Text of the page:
Throughout history we see different states and political figures use earlier history (both recent and remote) in order to talk about the present, and use the past to shape the contemporary political and civic dialogue. Discuss three instances from a variety of nations and cultures (that we have encountered since the midterm) where you see past history being used actively to shape contemporary political discourse and action. What is the contemporary situation in which the past is invoked? Is the past portrayed in a positive or a negative light? How are these values made apparent? What is being argued by those invoking the past? Are their arguments successful? Explain.
Please double space your work, use 11 or 12 point font, and regular margins.
Your document MUST be a .doc or .docx. If you use Open Office or some other software, save your file as a .doc or .docx
Make sure your name is at the top of every page of the document (make a header).
Submit all three of your essays in one document.
The submission window will mark essays submitted after 5:00pm as late. Give yourself a bit of a cushion in case you have technical difficulties at the last minute.
When you are ready to submit your exam, go to our UBLearns page and click on “Assignments.” You will see the “Final” assignment, and you should click “View/Complete” hyperlink. From here follow the instructions on the page to upload your exam document. No resubmissions are allowed. Do not submit your exam until you are sure that you are finished.
Links to all Primary Sources (original written documents, not videos) eligible for the exam are hyperlinked on your syllabus. Please only use Primary Sources assigned on the syllabus from the first half of this semester.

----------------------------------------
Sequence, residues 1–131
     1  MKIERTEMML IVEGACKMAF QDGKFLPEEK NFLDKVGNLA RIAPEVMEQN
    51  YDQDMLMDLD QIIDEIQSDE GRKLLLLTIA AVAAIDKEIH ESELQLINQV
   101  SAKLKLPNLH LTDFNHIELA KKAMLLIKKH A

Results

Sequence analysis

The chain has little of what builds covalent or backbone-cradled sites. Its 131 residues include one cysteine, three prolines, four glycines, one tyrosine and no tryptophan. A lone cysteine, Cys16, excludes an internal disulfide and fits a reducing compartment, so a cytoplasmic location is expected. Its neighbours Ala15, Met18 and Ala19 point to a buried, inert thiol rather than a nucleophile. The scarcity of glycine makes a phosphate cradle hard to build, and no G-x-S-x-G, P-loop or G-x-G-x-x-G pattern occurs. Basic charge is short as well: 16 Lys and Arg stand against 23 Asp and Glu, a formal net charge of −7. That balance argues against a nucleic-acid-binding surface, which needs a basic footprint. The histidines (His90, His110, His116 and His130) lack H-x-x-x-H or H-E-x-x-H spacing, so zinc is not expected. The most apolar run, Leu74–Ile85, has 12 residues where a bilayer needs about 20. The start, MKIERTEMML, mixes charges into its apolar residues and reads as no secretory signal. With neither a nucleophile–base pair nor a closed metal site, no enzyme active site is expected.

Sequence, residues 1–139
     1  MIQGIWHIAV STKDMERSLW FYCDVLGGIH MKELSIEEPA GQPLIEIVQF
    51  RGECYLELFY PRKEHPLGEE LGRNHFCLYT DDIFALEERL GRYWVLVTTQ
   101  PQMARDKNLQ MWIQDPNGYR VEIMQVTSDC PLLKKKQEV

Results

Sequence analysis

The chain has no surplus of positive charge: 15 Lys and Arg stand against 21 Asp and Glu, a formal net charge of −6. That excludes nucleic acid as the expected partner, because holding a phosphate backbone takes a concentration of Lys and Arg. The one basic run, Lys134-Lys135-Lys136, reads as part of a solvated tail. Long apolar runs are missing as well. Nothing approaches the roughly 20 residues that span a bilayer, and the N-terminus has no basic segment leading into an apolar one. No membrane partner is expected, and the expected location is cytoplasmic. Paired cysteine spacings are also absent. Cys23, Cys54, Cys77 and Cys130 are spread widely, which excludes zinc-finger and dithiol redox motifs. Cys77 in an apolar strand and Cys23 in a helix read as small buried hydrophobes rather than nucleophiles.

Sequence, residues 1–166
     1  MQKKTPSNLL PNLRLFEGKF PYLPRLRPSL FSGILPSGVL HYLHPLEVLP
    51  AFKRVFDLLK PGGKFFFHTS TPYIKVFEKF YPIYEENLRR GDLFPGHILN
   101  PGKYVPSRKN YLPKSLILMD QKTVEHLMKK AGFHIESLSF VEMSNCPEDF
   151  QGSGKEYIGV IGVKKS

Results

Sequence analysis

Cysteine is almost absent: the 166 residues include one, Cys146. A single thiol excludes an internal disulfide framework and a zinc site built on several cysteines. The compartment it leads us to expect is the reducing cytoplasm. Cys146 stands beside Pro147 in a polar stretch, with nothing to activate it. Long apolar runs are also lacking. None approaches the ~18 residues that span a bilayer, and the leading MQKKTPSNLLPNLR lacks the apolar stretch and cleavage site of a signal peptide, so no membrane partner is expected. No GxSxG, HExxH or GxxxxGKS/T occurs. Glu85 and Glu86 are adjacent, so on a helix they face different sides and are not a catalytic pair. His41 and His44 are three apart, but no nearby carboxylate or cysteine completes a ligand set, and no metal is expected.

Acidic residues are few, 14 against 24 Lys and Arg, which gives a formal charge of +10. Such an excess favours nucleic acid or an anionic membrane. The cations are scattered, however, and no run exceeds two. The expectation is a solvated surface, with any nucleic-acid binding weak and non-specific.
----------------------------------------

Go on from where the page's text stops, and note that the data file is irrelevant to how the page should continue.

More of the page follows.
We are interested in your original ideas and opinions. This is not a research assignment. Demonstrate that you have done all the reading, actively listened to lectures, and thought about the questions you answer.
Don’t focus too heavily on one civilization. A set of essays that revolve around one civilization will receive a lower grade than a set of essays that demonstrate broad knowledge of course material. A set of essays that incorporates material from a variety of sources (primary sources, textbook, lecture, and recitation) will receive a higher grade than one that draws exclusively from one source. It is especially important for this final exam that your essays incorporate a variety of examples – please do not use the same material for multiple essays.
Do not plagiarize or attempt to cheat. We are using the SafeAssign tool, which recognizes material copied and pasted from anywhere online, and compares your exam to every other exam your classmates submit.
Working principle #1: the better you integrate material from lectures and recitations with material from the textbook and primary sources, the better your essay’s grade. (If you cannot convince us in the course of each essay that you have read the assigned material, listened to/watched lectures, and engaged in recitation, you will receive no better than a C grade.)
Working principle #2: The better you back up your statements of analysis and opinion with clear references to material evidence and recognized fact, the better your essay’s grade.
Working principle #3: Grammar and writing are part of the package in the course as a whole and in the exams. The cleaner and clearer the writing, the better your grade.
Working principle #4: The less fluff, the better. (Examples of “fluff” are lengthy introductions, repetitive conclusions, extra material to add length, irrelevant material that does not support your argument, etc.) Please be concise and to the point.